Fifteen years ago, at the height of Italy's 'Clean Hands' anticorruption campaign, police broke into the house of Duilio Poggiolini, head of the national committee for drug registration, and discovered gold bullion under his floorboards. For many Italians, the image of that gleaming bullion still resonates — an enduring symbol of a time when government officials, up to and including the health minister, routinely took bribes from the pharmaceutical industry to approve drugs and fix their prices.

Steps were taken to avoid such a situation arising again. So it is worrying that Nello Martini, a pharmacist with no political associations, has been removed by Prime Minister Silvio Berlusconi's new government as head of AIFA, the autonomous agency created in 2004 to register drugs and supervise their use. Martini successfully carried out a mandate to limit spiralling drug expenditure to 13% of the total health budget. But in the process he incurred the wrath of industry. Only a few weeks ago, government prosecutors in Turin charged Martini with disastro colposo, or 'causing unintentional disaster', for bureaucratic delays in updating the packaging information on the side effects of a few drugs — although none required more than minor rewording of existing text.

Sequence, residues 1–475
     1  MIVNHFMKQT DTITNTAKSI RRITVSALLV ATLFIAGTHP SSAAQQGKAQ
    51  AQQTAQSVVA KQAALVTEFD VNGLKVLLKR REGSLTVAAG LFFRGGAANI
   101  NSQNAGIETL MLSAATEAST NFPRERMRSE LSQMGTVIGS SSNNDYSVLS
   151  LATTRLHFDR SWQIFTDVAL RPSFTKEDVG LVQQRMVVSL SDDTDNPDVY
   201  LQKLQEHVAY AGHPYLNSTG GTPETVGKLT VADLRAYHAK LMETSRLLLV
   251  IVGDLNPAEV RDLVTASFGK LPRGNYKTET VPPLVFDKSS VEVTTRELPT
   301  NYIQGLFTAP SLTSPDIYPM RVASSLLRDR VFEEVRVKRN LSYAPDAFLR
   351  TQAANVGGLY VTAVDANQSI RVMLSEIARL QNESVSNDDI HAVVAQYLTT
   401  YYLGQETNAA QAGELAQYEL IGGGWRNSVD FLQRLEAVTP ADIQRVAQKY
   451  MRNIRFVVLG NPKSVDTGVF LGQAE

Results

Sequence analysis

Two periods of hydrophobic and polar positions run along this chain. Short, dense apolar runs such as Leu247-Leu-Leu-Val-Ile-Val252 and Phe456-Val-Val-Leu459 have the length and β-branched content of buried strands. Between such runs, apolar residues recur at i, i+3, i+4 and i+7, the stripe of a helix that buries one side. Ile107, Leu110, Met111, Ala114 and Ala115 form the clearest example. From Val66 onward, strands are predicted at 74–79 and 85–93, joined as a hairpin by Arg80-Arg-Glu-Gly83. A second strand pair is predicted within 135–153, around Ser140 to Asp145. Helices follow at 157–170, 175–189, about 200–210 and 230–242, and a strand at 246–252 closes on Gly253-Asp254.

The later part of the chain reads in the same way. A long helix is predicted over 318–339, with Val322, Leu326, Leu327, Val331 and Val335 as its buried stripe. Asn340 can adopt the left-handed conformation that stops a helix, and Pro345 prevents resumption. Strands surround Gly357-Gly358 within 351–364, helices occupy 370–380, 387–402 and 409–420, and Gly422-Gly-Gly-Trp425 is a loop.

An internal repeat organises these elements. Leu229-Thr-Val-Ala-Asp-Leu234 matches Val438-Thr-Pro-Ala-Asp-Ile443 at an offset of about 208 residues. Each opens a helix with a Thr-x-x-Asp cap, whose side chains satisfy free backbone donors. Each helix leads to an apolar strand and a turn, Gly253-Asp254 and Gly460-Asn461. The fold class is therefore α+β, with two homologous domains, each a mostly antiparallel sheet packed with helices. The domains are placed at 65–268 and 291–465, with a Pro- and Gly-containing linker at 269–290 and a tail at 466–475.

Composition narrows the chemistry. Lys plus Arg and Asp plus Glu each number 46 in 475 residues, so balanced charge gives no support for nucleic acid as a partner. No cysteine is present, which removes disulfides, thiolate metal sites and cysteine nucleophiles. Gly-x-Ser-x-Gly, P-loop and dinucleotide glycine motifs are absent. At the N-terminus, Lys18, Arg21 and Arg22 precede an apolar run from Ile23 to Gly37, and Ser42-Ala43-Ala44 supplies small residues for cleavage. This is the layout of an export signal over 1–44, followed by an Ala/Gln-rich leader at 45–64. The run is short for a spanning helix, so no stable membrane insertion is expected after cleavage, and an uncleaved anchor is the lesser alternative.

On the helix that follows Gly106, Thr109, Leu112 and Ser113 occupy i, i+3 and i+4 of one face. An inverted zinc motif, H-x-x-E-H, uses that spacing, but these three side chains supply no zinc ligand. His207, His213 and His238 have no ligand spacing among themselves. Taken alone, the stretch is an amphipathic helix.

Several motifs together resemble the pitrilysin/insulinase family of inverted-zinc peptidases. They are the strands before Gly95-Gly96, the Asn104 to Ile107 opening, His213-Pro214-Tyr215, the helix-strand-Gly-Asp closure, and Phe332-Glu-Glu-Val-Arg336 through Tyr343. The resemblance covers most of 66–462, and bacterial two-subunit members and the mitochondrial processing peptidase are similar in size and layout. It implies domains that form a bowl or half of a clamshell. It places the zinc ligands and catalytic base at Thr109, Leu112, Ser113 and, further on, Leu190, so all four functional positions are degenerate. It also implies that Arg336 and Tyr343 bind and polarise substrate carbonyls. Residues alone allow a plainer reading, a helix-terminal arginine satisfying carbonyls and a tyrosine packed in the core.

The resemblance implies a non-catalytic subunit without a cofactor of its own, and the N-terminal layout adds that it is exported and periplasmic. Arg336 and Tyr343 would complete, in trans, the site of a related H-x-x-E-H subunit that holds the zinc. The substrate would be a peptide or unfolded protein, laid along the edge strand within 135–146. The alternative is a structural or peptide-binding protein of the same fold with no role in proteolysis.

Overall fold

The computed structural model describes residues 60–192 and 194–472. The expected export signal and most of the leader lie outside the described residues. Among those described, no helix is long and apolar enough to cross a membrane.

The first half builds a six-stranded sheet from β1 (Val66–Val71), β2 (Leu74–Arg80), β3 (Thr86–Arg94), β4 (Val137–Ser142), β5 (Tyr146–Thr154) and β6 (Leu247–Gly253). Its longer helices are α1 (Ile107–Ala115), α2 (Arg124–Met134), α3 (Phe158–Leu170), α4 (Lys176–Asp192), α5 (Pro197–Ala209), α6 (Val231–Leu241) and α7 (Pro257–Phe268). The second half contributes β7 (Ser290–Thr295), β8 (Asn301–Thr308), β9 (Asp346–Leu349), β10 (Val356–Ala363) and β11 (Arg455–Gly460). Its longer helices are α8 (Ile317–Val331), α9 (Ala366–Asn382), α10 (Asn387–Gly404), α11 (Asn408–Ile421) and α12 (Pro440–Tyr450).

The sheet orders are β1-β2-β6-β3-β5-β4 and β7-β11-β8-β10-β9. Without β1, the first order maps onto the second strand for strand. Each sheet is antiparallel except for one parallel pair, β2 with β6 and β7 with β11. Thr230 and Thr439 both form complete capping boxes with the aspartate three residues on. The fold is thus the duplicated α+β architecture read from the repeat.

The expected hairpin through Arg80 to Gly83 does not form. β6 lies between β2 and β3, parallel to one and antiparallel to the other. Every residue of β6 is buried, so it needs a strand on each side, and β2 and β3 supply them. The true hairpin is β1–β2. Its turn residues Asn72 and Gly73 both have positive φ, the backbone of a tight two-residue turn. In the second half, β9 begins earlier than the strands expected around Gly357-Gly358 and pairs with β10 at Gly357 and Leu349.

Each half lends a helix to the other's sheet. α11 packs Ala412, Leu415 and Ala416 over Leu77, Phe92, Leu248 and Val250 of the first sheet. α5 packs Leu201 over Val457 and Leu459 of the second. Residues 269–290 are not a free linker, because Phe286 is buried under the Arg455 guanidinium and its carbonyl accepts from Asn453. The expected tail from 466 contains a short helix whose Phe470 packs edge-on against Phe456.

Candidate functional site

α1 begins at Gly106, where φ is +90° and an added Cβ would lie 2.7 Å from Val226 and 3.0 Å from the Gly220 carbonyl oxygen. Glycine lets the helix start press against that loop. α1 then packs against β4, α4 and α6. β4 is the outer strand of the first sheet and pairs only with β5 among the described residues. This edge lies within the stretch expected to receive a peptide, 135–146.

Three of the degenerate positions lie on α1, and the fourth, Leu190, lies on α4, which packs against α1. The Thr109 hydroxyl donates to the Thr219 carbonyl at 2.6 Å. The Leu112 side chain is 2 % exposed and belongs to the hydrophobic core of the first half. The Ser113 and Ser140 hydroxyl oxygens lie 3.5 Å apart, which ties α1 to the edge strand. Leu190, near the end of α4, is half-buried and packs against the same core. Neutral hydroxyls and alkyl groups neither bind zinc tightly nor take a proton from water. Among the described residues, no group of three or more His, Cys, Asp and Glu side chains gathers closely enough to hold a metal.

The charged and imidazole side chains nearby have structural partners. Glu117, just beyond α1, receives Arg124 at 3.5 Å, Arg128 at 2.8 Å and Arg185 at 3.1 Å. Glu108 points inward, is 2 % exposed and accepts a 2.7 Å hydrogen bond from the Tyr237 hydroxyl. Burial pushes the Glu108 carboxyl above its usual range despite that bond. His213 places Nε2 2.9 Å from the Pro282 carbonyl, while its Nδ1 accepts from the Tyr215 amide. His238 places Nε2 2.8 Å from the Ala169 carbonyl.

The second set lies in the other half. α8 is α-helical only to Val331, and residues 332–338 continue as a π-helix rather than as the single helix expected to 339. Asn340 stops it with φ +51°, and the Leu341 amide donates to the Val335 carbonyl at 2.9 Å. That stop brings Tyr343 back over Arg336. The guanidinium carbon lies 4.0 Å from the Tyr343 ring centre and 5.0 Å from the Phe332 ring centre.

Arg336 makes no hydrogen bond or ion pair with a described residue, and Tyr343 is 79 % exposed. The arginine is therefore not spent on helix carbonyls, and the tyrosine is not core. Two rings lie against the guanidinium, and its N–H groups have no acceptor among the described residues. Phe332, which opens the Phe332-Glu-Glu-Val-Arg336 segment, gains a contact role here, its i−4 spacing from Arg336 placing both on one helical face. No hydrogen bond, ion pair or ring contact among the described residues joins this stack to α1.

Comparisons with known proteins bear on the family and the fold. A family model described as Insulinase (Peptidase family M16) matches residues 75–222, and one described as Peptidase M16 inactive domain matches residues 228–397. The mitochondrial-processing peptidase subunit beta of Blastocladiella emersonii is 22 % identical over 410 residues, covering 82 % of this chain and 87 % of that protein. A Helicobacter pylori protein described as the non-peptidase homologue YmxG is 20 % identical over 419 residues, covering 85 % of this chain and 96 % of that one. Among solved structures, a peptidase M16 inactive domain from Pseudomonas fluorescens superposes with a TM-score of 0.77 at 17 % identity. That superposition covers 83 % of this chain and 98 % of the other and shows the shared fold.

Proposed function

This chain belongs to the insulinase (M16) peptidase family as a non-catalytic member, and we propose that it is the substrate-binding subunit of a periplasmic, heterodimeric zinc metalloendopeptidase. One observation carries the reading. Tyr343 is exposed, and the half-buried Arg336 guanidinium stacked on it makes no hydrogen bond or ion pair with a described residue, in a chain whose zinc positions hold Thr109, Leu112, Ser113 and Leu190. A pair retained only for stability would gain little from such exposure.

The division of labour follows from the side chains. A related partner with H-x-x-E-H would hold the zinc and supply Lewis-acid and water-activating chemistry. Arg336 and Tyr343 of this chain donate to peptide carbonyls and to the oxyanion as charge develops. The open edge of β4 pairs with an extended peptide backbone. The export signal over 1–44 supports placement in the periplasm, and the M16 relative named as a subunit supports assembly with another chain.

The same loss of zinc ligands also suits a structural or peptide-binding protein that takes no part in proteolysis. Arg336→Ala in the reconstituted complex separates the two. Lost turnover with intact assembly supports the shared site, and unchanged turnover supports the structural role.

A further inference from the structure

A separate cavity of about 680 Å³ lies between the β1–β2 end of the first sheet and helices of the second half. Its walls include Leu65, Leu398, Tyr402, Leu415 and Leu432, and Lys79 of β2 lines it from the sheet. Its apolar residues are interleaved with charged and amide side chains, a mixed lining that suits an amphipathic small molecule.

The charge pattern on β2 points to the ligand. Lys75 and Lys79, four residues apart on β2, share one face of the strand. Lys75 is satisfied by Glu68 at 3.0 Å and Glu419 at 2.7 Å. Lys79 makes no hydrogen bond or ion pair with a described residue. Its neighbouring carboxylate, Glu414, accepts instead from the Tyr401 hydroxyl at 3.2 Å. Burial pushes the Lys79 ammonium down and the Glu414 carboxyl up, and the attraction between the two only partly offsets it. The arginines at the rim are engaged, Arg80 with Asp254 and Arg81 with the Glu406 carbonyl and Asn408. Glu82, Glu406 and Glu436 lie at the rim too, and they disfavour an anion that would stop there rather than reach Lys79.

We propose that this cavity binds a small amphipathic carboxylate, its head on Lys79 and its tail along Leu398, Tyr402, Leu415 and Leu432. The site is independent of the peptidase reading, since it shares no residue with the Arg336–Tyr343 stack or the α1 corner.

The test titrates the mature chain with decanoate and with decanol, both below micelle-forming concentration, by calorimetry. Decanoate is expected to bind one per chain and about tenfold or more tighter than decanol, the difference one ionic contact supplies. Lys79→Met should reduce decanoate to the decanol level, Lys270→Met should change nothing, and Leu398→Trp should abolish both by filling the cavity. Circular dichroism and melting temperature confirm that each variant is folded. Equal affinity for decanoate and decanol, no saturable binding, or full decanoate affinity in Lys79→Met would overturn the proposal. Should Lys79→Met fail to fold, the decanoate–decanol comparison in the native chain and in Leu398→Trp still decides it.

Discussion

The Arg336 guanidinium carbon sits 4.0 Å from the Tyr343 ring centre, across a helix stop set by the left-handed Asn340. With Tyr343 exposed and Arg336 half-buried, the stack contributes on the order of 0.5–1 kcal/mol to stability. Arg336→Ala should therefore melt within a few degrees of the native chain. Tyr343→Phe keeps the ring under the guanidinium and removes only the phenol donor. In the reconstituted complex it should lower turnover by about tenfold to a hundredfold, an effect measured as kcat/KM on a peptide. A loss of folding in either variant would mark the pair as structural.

Martini was replaced in the middle of July by microbiologist Guido Rasi, a member of AIFA's administrative board, who has been described in the Italian press as being close to the far-right party Alleanza Nazionale, which forms part of Berlusconi's coalition government. Even more worryingly, the government, which took office in May, says it plans to reduce AIFA's power by separating the pricing of drugs from technical considerations of their efficacy, bringing pricing back into the health and welfare ministry.

At a time when all countries are struggling to find a way to pay for hugely expensive new-generation drugs within limited budgets, this makes little sense. The autonomous agency needs to be able to integrate all technical and economic information if Italy is to operate a cost-effective health system. Moreover, the health and welfare ministry's connections with industry are uncomfortably close. For example, the wife of the minister Maurizio Sacconi is the director-general of Farmindustria, the association that promotes the interests of the pharmaceutical industry.

In fact, Berlusconi's government has shown unsettling tendencies to allow industrial interests to gain influence over state agencies. A few weeks after Martini's dismissal, the Italian space agency was put into the hands of a commissioner who heads the space division of the aerospace giant Finmeccanica. The government should think twice about whether it really wants to open the door that was deliberately closed after the Poggiolini affair.